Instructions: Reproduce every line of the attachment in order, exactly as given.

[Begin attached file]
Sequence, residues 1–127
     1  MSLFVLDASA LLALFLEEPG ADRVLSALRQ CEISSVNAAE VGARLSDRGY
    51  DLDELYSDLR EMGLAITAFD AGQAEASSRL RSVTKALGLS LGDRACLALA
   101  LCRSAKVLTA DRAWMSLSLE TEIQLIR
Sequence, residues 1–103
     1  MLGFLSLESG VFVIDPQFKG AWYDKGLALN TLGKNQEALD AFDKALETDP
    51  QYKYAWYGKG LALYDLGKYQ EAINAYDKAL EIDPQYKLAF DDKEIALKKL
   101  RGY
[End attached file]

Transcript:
Sequence, residues 1–127
     1  MSLFVLDASA LLALFLEEPG ADRVLSALRQ CEISSVNAAE VGARLSDRGY
    51  DLDELYSDLR EMGLAITAFD AGQAEASSRL RSVTKALGLS LGDRACLALA
   101  LCRSAKVLTA DRAWMSLSLE TEIQLIR
Sequence, residues 1–103
     1  MLGFLSLESG VFVIDPQFKG AWYDKGLALN TLGKNQEALD AFDKALETDP
    51  QYKYAWYGKG LALYDLGKYQ EAINAYDKAL EIDPQYKLAF DDKEIALKKL
   101  RGY